At this point, the opponent will have ideally established board control, so they’ll either buff up one of their minions to trade with any minions that you have (if you even have any by the time it’s turn 4 – part of the amazingness of Secret Paladin is its strong start to control the board) or just play even more minions that they didn’t get to use yet. You’ll want to get rid of their board as soon as possible, but save up your board clear until turn five, just in case they’ve got a Mysterious Challenger in their hand.
If they’re smart, they’ll play Loatheb right about now – this way, you can’t clear their board without using your own, and it’ll give them fuel for the secrets that Mysterious Challenger will inevitably summon the next turn. Establishing as much of a board as you can is important on turn five – a typical Secret Paladin won’t run Consecration or Equality since board control is one of their strengths, so if you can flood the board on Turn 5 with at least three or four minions, then you’ll take care of dodging some secrets next turn, and try to get rid of as much of your opponent’s board as possible to avoid the inevitable Avenge and Redemption that you’ll trigger next turn.
This turn will either be a dream or a nightmare for one of the sides in this match, depending if your opponent manages to draw and drop Mysterious Challenger by then. Let’s establish our worst-case scenario: opponent has not only drawn none of their secrets into their hand, but they’ll also have dropped Mysterious Challenger and thus have put one copy each of Avenge, [card]Competitive Spirit, Noble Sacrifice, and Redemption onto the field. Now, typically, the only secrets Secret Paladins run two of is Avenge and Noble Sacrifice, so you’re going to have to watch out for those even after turn six. But we’re getting ahead of ourselves here.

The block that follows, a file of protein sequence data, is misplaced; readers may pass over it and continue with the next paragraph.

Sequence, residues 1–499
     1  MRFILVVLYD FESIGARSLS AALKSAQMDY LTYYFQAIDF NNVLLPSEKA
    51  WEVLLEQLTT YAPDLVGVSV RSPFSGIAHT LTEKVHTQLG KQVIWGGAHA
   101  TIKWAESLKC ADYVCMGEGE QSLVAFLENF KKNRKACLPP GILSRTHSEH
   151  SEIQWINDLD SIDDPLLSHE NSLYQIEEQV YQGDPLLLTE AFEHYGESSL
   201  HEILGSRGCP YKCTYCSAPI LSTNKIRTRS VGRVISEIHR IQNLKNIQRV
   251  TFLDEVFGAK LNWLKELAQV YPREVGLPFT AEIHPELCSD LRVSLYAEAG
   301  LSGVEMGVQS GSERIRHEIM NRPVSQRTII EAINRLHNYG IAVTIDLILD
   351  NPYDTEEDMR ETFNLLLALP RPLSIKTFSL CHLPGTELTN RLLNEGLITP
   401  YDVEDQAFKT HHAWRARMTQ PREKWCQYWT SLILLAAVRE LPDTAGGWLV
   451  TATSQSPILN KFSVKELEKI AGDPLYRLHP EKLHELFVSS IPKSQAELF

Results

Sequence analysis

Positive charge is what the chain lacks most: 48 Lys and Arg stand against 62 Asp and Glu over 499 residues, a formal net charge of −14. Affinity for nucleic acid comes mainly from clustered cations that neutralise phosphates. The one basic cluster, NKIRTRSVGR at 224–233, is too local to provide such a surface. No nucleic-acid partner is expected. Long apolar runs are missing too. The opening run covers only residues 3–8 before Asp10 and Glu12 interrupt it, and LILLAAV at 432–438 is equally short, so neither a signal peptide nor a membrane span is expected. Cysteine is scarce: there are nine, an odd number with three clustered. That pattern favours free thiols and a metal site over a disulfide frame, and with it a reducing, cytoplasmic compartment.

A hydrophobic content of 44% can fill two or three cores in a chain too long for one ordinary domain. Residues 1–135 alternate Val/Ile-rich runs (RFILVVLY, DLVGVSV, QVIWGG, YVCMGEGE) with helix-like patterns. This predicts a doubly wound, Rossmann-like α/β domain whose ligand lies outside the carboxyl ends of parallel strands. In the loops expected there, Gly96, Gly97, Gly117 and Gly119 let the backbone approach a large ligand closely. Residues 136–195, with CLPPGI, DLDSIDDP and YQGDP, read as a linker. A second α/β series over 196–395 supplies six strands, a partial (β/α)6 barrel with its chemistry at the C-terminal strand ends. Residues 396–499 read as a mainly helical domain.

Honestly, the goal is to beat your opponent before he summons Mysterious Challenger, but it is still possible to survive the barrage of secrets, and it’s all about activating the secrets in order. First, you have to deal with the 6/6 body that Mysterious Challenger poses to you, and while you don’t want to use a hard removal here (Tirion Fordring would be the prime target to remove or silence), you should if you don’t have any other high-damage or buff spells such as Fireball, Soulfire, Blessing of Kings, etc.
Now, ideally, you’d want to first attack with your weakest minion with two or less health, or if all of them are equally strong, your strongest minion that has more than four health, because we want to activate the Noble Sacrifice first, taking that two damage and getting it out of the way. This, in turn, activates Avenge, which will then buff one of his minions (a primary reason why we need to get rid of Mysterious Challenger first – it’s hard enough dealing with a 6/6 minion, let alone a 9/8 minion!). If it buffs a 1/1 token or maybe a 2/2 Shielded Minibot, that’s okay, but if it ends up buffing anything larger, it might be safe to use another removal on the buffed minion, so let’s hope you have Keeper of Uldaman or Shadow Word: Death in your hand, for example.
By the way, Redemption will have already activated when you took out either his Mysterious Challenger or his Noble Sacrifice, but as long as it’s not Mysterious Challenger, don’t worry about taking that one out if it’s not an optimal play – a 2/1 is relatively harmless as long as your opponent doesn’t buff it, although you never know what might happen.
If you can survive this turn, you’ll have a very good chance of taking care of the next two turns, which generally involve two very big threats.
Dr. Boom is the biggest tempo play anyone could make in the game, let alone a Secret Paladin, but if he does play it, use your Big Game Hunter or a high-damage spell to get rid of the 7/7 body as soon as possible. While the 1/1 tokens aren’t as much of a threat right now, if your opponent plays Tirion Fordring next turn, you’re screwed if you didn’t get rid of Dr. Boom by then. I’m going to assume that you have some resemblance of a board at this point, because let’s be honest: if you don’t, then you’ve probably already lost the game, right?